Many parents have heard the term “borderline personality disorder” in association with teens. To those who feel confused about this condition, you are not alone. It turns out that many parents are uninformed or completely unaware of the disorder and its implications in adolescents. While it is true that experts are only just beginning to understand the full scope of BPD, recent research has provided them with key information that can provide parents relief and hope. Many may be wondering about the prevalence of this condition among teens. While there is still a great amount of research to be done, certain evidence supports the conclusion that there are higher rates of BPD in adolescents that in adults. Somewhere around 20% of adults meet the criteria for BPD, whereas teenage patients have a 43% to 53% chance of receiving a diagnosis. Note to parents of teen borderline personality disorder—these statistics may be linked to the way many teenagers react to stressful events, and some studies show that the chances of recovery in early years is much higher than for adults.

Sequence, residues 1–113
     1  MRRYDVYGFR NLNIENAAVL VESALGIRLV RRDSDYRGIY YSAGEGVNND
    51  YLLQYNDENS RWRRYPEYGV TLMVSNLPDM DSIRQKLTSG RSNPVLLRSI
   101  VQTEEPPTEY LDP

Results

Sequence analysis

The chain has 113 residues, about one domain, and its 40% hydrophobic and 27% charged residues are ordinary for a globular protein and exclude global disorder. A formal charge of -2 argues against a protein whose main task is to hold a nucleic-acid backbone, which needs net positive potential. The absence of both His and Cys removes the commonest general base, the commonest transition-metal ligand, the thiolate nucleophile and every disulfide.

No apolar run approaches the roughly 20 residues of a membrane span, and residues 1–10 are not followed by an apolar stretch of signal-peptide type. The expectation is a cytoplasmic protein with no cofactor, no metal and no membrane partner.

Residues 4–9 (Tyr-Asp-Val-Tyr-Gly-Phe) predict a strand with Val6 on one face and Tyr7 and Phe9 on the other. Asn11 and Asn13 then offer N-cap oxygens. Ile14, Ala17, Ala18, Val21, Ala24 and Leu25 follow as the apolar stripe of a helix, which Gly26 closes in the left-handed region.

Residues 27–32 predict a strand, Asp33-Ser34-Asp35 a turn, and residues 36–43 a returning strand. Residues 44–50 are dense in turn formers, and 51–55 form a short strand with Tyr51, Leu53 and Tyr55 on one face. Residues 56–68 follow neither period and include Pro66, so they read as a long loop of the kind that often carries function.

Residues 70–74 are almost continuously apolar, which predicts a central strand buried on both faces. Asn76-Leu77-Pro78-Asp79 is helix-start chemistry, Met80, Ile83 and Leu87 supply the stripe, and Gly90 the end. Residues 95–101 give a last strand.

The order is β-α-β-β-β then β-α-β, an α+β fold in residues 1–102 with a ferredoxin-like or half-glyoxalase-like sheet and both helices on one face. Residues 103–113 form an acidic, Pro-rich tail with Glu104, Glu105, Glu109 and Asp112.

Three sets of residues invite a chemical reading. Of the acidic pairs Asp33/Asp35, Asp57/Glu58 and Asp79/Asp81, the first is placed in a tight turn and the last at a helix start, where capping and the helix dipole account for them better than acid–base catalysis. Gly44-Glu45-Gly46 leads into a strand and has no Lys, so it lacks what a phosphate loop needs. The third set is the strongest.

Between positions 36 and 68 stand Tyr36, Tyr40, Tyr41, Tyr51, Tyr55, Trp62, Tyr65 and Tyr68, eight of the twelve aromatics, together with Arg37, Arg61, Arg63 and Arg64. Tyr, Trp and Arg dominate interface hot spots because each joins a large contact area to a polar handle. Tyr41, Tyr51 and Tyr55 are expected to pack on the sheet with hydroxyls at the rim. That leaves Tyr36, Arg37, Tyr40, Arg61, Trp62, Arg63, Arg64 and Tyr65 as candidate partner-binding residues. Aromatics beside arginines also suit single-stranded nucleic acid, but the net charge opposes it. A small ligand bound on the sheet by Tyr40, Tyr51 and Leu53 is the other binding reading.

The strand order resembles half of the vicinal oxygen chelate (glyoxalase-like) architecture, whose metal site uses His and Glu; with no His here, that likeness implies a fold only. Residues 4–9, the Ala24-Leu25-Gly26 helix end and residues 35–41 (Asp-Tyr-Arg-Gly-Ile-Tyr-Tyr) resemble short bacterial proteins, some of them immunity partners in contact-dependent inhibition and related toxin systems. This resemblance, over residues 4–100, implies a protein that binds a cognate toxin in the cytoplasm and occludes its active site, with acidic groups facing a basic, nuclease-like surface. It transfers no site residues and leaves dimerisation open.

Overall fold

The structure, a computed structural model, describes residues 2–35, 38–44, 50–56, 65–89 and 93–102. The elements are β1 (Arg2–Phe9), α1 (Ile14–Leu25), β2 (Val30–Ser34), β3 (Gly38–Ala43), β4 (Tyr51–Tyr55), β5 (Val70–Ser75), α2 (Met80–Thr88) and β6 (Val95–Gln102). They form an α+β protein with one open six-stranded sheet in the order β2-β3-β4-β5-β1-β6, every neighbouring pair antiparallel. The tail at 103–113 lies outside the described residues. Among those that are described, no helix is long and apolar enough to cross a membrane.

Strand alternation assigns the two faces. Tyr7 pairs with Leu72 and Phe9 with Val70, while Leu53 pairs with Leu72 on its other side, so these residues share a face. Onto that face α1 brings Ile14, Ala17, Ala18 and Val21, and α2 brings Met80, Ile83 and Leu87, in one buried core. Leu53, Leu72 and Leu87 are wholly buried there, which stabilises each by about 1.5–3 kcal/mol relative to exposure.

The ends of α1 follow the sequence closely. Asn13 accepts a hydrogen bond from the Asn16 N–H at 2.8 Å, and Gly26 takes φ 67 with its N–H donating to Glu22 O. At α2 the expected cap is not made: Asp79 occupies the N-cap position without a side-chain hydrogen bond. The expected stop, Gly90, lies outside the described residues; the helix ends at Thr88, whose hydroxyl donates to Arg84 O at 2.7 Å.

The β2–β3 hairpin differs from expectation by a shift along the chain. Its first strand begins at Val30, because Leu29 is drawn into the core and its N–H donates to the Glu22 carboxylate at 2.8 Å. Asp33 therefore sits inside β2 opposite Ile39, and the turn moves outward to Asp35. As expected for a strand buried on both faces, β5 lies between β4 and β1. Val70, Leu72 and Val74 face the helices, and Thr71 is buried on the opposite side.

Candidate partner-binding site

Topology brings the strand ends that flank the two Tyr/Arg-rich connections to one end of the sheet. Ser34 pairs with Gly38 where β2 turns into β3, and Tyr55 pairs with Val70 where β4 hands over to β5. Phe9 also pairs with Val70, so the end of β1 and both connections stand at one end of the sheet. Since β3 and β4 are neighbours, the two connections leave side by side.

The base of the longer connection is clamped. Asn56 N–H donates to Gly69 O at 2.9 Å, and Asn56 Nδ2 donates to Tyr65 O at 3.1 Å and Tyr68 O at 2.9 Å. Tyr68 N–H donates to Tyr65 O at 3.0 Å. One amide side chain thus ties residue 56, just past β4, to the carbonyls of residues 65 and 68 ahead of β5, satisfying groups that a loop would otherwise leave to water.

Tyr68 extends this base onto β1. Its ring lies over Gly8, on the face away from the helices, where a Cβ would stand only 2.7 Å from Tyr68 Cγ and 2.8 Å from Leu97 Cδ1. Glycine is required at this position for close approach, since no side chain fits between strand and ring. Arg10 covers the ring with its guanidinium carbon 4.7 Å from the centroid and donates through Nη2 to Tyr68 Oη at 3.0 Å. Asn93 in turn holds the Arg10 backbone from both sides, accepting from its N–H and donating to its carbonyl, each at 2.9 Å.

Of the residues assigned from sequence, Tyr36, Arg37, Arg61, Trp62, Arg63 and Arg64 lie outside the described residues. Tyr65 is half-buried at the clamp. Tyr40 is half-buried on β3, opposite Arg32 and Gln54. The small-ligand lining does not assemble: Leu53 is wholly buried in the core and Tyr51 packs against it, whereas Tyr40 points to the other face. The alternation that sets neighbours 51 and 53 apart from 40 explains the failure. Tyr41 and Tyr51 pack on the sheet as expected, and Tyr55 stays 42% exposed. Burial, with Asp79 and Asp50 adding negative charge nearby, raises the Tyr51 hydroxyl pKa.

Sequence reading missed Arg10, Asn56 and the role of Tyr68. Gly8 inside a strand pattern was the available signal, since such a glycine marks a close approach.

Another question that parents may be scratching their heads over is, what are the risk factors of BPD in teens? Again, adolescent and adult patients do not differ very much in this regard. This may be because many of the situations linked with BPD have roots in childhood. Abuse, neglect, early separation, all of these may be risk factors when it comes to this disorder. Children of parents with serious mental health conditions have also been found more likely to develop BPD. Other research supports the idea that there are several biological conditions that lead to the development of the disorder. Among these is the hypothesis that the condition can be genetically inherited from a parent, so it is important that if you are a parent who has suffered from BPD you pay especially close attention to any signs of symptoms in your child.